After going into the background behind why you want to work remotely one day a week, get to the point of this conversation: how remote work will positively impact your work and the business’ bottom line. Be ready to talk through your individual performance, goals that you want to achieve related to productivity, and professional development and what you need from the company in order to be successful. As you walk through these points, provide a few ways that remote work will act as a solution in each situation.
Say this: Over the past three quarters, I have exceeded my sales goals by X%. I know that if I were able to work remotely one day a week I could increase that number to X because of the flexibility my remote schedule would create. Working remotely once a week would also give me the ability to attend a professional development class in the morning, and work in the evenings when I am more productive.
Not this: I’ll be happier when I can work remotely once a week. I’ll be doing the same tasks that I do everyday in the office, I just won’t be physically at my desk as I do them. You won’t even notice the difference.
Set goals and develop a strategy to reach them
Think of this opportunity as a once-a-week chance to prove to your boss that you can be trusted with more autonomy. During your initial conversation, set clear goals and KPIs that you can measure as you work remotely so that you can show professional progress.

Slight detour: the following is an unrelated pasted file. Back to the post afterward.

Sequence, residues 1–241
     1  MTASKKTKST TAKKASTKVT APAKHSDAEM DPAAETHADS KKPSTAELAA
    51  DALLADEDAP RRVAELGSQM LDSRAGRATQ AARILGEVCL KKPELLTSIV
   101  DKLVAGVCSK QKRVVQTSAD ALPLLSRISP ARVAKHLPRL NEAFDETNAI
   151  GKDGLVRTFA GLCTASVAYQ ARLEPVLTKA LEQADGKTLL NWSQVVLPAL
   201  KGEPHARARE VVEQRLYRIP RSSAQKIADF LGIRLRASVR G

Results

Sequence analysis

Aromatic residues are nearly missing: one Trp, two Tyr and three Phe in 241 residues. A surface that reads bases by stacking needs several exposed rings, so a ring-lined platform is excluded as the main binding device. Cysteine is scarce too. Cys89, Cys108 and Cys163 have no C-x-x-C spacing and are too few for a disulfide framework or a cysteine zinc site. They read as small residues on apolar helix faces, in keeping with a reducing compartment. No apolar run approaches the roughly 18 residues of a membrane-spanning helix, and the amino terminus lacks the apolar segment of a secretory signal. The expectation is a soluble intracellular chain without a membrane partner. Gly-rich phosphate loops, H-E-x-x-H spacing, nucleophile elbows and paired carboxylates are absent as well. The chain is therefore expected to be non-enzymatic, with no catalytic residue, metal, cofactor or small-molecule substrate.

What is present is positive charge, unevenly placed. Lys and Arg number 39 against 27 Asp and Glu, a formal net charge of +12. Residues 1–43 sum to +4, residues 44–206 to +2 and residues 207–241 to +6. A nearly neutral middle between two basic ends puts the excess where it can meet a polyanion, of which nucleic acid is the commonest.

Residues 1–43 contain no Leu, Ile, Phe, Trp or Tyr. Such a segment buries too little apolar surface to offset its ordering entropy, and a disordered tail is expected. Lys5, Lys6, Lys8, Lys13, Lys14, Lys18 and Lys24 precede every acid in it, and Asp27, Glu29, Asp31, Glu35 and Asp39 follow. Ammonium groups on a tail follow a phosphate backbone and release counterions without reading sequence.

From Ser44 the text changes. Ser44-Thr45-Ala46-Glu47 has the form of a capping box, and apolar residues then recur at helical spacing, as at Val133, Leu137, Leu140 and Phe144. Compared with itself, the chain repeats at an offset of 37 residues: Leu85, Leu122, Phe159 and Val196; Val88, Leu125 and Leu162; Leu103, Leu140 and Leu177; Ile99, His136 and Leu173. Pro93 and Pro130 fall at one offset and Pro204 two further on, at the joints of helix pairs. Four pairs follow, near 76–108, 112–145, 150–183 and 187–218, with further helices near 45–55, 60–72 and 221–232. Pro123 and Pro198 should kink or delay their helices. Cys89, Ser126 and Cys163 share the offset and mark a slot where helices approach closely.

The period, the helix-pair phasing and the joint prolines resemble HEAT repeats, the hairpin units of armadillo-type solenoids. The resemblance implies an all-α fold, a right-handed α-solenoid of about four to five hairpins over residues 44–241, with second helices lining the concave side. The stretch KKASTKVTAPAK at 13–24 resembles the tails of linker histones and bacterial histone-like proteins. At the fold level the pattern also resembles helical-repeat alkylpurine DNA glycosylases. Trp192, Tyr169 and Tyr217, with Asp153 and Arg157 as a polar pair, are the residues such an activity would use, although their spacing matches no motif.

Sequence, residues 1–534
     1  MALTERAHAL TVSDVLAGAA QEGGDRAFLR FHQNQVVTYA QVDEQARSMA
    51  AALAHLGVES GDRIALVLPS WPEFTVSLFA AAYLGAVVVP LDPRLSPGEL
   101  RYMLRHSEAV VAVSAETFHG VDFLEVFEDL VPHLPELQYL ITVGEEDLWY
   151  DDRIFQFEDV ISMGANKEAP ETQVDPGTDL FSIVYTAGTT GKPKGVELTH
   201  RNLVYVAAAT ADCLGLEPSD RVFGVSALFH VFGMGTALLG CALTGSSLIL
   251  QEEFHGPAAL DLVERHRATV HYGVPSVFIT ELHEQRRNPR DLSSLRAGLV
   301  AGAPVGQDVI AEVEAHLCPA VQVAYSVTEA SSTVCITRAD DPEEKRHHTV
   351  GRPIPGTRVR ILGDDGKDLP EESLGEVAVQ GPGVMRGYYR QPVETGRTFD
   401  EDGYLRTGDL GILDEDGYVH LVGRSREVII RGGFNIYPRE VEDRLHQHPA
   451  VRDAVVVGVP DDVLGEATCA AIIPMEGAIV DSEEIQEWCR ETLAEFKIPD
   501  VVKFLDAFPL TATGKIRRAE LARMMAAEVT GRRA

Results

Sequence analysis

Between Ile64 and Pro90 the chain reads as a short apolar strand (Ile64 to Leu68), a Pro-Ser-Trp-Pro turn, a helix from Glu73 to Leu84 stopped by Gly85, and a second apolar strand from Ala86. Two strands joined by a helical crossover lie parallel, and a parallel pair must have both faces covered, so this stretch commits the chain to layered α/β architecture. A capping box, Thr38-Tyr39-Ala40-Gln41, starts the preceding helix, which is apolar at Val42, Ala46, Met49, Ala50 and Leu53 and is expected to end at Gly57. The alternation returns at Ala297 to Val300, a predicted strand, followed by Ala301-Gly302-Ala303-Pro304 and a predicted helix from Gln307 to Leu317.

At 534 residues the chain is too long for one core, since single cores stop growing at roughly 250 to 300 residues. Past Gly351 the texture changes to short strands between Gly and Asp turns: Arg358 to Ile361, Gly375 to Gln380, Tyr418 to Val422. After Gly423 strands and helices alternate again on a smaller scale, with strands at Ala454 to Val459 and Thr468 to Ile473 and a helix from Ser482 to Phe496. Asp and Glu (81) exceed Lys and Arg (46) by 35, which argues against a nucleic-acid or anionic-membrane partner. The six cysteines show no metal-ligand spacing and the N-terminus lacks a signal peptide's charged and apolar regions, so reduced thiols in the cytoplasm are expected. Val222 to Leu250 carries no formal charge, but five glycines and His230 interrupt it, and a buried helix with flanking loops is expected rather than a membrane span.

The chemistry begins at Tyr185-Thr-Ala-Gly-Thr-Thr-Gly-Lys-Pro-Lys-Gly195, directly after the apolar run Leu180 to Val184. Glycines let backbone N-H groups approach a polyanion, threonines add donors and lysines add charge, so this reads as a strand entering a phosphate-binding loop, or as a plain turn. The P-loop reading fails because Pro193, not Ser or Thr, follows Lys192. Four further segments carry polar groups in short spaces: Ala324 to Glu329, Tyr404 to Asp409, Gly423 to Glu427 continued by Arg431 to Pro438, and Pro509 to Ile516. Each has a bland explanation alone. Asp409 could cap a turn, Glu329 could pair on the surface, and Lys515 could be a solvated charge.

Say this: My goal after three months of working remotely once a week is to bring in X number of new clients more than I did last quarter. To do so, I am going to implement x, y and z strategies that are now possible because I will be working remotely. Let’s check in once a month to see my progress on this goal and pivot if necessary.
Not this: Let’s try this out for a few months and see how it goes!
You did it! You impressed your boss and have gotten the OK to work remotely one day a week.
First of all, we just want to say how proud we are of you. You rocked it.
Second, we’d like to offer some advice to make sure this goes as smoothly as possible.
Check in and set expectations
As a remote employee (even a part-time one), the most important tool that you can lean on to ensure success is communication. While you’ll still be spending most of your time in the office, make it a point to stay connected to your teammates on the day that you are working remotely. Whether that is through Slack or over email, it’s important that everyone understands that, yes, you are actually working and that you can be relied upon throughout the day.
In addition to day-to-day communication, set up monthly meetings with your manager to check-in on how your remote work agreement is going. Has it been a success so far in their eyes and, if he or she feels like there are improvements to be made, what can you adjust to ensure that you’re doing your job to the best of your ability? These check-ins will not only alleviate any concerns that you may have about your performance, but also remind your employer that you are committed to a successful outcome.
Check out our list of tips for remote work beginners
We know a thing or two about the world of remote work. To get you started on this journey, we’ve put together a list of our top tips for remote work beginners so that you’ll have a painless transition. This includes all of the information that you’ll need to knock each of your remote work days out of the park - and even set you up to negotiate for more time away from the office in the future.
If you’re interested in working remotely, but want to test the waters with yourself or your organization first, doing so one day a week may be the perfect first step. If you follow the advice above, you’ll be well on your way to a more flexible and inspired lifestyle.